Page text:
A group of CEOs from all major airlines in the U.S. is calling on President Biden to drop the federal transportation mask mandate along with the international pre-departure COVID-19 testing requirement.
In an open letter released by the travel-industry lobbying group Airlines for America, the group is calling on the Biden administration to “sunset federal transportation travel restrictions.” The group argues that the restrictions no longer reflect the “realities of the current epidemiological environment.”
The letter was signed by the leaders of 10 U.S. companies, including six of the largest airlines in the country: Alaska Airlines, American, Delta, JetBlue, Southwest and United.
“It makes no sense that people are still required to wear masks on airplanes, yet are allowed to congregate in crowded restaurants, schools and at sporting events without masks, despite none of these venues having the protective air filtration system that aircraft do,” the letter said.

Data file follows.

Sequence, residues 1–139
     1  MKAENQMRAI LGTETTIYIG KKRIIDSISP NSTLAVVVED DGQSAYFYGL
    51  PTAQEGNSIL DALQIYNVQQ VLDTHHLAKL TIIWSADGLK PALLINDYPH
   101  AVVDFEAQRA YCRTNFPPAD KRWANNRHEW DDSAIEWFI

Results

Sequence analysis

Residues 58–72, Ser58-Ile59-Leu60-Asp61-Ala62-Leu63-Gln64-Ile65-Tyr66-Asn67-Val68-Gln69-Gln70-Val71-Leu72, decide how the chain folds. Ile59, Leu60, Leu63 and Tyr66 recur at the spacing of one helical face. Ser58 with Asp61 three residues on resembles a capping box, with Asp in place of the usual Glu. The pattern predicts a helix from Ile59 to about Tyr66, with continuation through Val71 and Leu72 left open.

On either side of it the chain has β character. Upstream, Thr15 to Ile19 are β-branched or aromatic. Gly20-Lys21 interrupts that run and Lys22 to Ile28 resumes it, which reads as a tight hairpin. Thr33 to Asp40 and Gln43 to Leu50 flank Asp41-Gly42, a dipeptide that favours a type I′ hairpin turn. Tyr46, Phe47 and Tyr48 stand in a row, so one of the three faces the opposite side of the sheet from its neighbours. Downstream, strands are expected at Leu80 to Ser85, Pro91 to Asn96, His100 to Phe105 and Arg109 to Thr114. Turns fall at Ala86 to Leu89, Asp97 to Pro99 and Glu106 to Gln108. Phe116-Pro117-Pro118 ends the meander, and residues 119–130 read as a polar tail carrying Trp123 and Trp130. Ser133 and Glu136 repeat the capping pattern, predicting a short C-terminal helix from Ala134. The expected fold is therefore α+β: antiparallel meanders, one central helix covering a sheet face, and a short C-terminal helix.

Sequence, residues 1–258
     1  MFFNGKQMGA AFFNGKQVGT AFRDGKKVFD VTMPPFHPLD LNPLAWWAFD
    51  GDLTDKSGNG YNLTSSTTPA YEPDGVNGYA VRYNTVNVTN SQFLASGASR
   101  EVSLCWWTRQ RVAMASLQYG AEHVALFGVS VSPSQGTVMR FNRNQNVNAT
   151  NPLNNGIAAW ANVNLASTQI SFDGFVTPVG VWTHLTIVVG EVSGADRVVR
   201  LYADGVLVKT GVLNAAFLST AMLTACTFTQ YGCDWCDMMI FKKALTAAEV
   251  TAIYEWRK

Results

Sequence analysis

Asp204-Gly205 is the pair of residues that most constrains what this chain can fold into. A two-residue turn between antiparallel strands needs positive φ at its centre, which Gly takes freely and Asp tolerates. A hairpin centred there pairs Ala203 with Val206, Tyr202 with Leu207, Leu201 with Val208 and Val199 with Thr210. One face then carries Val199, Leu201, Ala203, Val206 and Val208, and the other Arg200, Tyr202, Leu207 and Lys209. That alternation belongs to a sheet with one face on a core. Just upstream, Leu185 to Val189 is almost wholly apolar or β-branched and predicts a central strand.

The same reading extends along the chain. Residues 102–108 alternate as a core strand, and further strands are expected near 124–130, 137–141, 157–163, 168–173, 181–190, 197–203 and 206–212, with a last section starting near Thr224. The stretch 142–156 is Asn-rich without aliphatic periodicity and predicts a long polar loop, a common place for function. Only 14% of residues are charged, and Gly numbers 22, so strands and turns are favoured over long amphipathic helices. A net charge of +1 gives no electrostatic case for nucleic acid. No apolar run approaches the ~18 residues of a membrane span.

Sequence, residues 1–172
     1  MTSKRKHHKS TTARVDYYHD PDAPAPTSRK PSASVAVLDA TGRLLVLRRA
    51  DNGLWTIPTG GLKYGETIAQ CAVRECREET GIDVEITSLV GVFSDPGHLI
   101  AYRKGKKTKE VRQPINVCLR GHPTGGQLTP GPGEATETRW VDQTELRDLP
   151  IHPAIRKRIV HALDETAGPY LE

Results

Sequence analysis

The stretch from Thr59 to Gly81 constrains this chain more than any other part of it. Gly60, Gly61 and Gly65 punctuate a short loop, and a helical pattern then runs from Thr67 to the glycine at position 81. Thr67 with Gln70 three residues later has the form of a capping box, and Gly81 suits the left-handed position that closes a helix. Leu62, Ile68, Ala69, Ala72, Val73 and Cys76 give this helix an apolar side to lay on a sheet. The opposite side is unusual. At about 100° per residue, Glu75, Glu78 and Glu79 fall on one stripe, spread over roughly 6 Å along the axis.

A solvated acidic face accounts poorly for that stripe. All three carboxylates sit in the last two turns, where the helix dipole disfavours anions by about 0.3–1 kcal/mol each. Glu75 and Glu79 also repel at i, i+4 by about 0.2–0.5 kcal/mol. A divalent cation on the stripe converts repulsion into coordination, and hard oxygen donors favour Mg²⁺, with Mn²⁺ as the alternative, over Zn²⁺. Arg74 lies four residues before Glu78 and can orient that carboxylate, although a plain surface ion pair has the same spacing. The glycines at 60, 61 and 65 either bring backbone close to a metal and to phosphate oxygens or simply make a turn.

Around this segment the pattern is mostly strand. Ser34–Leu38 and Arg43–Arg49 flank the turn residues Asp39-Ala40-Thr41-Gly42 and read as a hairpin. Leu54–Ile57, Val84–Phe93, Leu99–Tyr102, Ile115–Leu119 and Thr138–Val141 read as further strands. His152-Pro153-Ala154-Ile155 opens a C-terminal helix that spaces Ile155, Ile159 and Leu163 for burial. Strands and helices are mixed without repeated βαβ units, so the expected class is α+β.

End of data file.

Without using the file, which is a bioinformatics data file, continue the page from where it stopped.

The group argues that the increase in vaccinations nationwide and the lifting of restrictions in other countries are reasons the Biden administration should reconsider its COVID policies for travelers.
“We are encouraged by the current data and the lifting of COVID-19 restrictions from coast to coast, which indicate it is past time to eliminate COVID-era transportation policies,” the group said.
The CEOs emphasized that, while they’ve supported and cooperated with the federal government’s COVID policies, including masking and pre-departure testing, enforcing those rules has fallen to airline employees for the past two years.
“This is not a function they are trained to perform and subjects them to daily challenges by frustrated customers. This, in turn, takes a toll on their own well-being,” according to Airlines for America.
So far, the White House has not yet commented on the group’s request.
The mandate for mask use on public transportation and in transportation hubs had been set to expire on March 18, but earlier this month the Transportation Security Administration extended the policy through April 18.